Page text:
I thought it was interesting that I didn't warrant a link. Robinson just referenced my post, describing me only as "one writer." I don't know if Robinson knows who I am (not that I'm anybody) and doesn't want to give too much credence to a guy working for a competing publication. Maybe he just didn't have time to link me.
Robinson writes that, following my statement, "No elaboration or evidence (is) given." I think it's obvious: I'm my own publisher, editor and writer, as are the majority of bloggers. I can do what I want. I'm blogging the school board meeting tonight. If, in addition to providing the details of the meeting, I want to interject my opinion, I'm free to do so. I just don't believe the N&R reporters will have that freedom. Based on what I've read so far, that seems to be the case. It's not a bad trade-off: They get paid to blog, I don't.
I knew it would come sooner or later- a rainy paper route day. Fortunately, the Performance rain jacket I bought 10 years ago for $95 is still doing the job.
Early morning sightings: My neighbor's black cat strolling down the sidewalk with some type of rodent in its mouth; a guy walking his dog down Elm Street, smoking a cigar (I indulge myself, but never that early in the day); a guy driving down Elm Street with a totally flat tire who gave no indication he was about to pull over; a realtively subdued downtown considering the fact that the man who would be president is visiting. I talked to Ogi yesterday and he was trying to wrangle media credentials for someone so GGO can cover Kerry.
After my paper route, I have to finish some freelance work before covering both the school board and the city council meetings. Don't ask me how I'll be in two places at once....
Monday, September 06, 2004
my post about Elizabeth Edwards' N.Y. Times mag interview. It's good to know the Greensboro blog guru is reading your stuff. I also hope he didn't think I was trying to get his goat. I saw where he linked her interview, but I didn't read it until I got my hard copy Sunday morning. I was legitimately disappointed in what I read.
Here's my point: As a concerned citizen, Ms. Edwards certainly has the right to say anything about her government. Still, she is a public figure whose opinions hold weight. By not qualifying her statement about Condoleeza Rice, she politicized it. And while her husband is personally working to unseat the Bush administration (and Ms. Rice along with it), Ms. Edwards is not running against Ms. Rice. So to float out unqualified statements about another public figure was, in my opinion, bad taste, especially about a subject where, right now, there is no one truth.
That's why, in my opinion, it was in bad taste for Ms. Edwards to make such a statement. It was also in bad taste for the interviewer not to press her. After reading those statements, I said to myself, "She's just a senator's wife, what the hell does she know?"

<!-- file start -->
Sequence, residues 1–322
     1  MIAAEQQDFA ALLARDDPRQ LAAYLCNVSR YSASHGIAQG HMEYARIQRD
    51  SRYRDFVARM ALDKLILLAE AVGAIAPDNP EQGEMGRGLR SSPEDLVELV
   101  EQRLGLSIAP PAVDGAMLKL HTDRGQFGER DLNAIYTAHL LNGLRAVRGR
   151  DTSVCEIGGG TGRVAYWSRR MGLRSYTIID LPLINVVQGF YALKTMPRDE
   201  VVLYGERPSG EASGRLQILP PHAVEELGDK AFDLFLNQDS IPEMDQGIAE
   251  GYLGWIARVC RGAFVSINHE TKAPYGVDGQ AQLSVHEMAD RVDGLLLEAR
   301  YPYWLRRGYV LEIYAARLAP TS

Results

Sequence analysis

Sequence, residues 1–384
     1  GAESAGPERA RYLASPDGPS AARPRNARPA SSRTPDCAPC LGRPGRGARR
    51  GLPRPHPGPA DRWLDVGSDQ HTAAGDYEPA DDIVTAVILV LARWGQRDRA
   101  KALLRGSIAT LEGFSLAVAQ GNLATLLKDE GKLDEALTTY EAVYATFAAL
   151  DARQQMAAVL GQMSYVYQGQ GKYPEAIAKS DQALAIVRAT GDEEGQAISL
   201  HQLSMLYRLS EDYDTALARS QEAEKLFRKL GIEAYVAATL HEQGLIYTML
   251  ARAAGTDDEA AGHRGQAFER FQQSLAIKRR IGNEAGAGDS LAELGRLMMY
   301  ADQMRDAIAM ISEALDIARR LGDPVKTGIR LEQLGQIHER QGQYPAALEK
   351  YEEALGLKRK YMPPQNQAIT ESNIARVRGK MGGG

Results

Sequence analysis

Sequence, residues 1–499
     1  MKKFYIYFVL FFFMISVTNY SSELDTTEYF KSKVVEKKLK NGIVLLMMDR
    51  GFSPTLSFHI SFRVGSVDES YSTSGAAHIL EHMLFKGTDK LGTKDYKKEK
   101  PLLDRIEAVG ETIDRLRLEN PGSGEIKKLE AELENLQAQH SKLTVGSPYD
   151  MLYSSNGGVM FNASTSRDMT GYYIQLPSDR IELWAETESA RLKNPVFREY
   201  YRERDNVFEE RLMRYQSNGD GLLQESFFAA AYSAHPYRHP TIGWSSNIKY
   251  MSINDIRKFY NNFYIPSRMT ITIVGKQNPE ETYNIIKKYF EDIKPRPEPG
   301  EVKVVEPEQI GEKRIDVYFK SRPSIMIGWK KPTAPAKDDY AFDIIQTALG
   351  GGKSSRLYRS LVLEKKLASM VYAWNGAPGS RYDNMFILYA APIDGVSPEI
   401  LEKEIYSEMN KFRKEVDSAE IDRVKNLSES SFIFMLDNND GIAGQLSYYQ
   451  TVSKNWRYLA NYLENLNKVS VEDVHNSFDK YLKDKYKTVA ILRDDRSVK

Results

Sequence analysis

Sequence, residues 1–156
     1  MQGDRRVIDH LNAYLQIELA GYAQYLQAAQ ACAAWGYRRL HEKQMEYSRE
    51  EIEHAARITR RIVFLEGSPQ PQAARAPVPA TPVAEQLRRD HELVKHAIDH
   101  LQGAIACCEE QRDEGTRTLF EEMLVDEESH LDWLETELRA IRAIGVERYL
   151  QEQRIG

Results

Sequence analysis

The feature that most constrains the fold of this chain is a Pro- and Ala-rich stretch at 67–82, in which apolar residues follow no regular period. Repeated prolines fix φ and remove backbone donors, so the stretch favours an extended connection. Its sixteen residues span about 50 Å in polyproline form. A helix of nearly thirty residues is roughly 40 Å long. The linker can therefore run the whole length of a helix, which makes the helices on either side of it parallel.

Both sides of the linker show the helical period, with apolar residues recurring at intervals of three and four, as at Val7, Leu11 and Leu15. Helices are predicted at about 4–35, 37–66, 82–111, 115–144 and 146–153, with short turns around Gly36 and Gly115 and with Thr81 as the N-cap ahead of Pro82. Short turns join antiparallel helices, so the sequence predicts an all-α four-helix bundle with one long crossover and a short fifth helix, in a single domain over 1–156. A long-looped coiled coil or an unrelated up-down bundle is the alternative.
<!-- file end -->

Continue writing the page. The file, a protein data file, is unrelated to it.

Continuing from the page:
But I also know she's an attorney and a very intelligent woman. Perhaps she's an amateur expert on the subject. Perhaps she's relying on her husband's knowledge and opinions. Perhaps a little of both. I'd like to know so I can give Ms. Edwards the proper respect, if she's deserving.
Sunday, September 05, 2004
It's interesting that Sodexho
is at the center of the controversy
surrounding school superintendent Terry Grier's outside consulting work.
At a school board meeting a while back, a major issue was whether or not renew Sodexho's contract. The outsourcing of custodial services was a money-saving move, which, Grier said, returns more money to teachers.
But several school principals complained about Sodexho's standards of cleanliness. Also, during the public speaking portion of the meeting, several custodians complained about Sodexho's employment practices. Board member Darlene Garrett was particularly concerned, saying "health department officials" told her that the schools were not up to standards, though she refused to identify those officials. Even assistant superintendent John Wright admitted "there were some bumps in the road" where Sodexho was concerned. But Wright and Grier assured the board those bumps had been smoothed over, and that the schools were "cleaner today than they were four years ago."
After much discussion, the board decided to renew the contract with Sodexho on condition that a monthly report be issued. If Sodexho's work is not up to standards, it will complete the work and be billed by the school system.
An update on Sodexho is not on the agenda
for this week's school board meeting. But it should come some time this month.
Elizabeth Edwards on Condoleeza Rice, in N.Y. Times magazine
"She has said some totally incredible things — particularly when you go back to her comments on 9/11 — things that are out-and-out erroneous."
Edwards did not elaborate on exactly what Rice said was erroneous, nor did she say how she knows Rice made erroneous statements. If Deborah Solomon asked her, which I doubt she did, it didn't make it to print.
Saturday, September 04, 2004
The pennant races are getting really interesting. All of a sudden, the Marlins are hot, going into a crucial three-game series with the Cubs. It looks like they might not get to play this weekend, due to Frances. It would be really cool if they had to make it up at the end of the season. Also, what if the Yanks implode
and fall completely out of the playoff picture?
I'm disappointed FOX is foregoing baseball coverage today, obviously deferring to the opening of the college football season. But Oklahoma and Bowling Green? Wake at Clemson? If we had the old Game of the Week, Joe Garigiola and Tony Kubek would be right there in Yankee Stadium, aanlyzing the Yankees' implosion between pitches.
Friday, September 03, 2004
I just heard on ABC Radio that former President Clinton will undergo quadruple bypass surgery later today after failing a stress test this morning.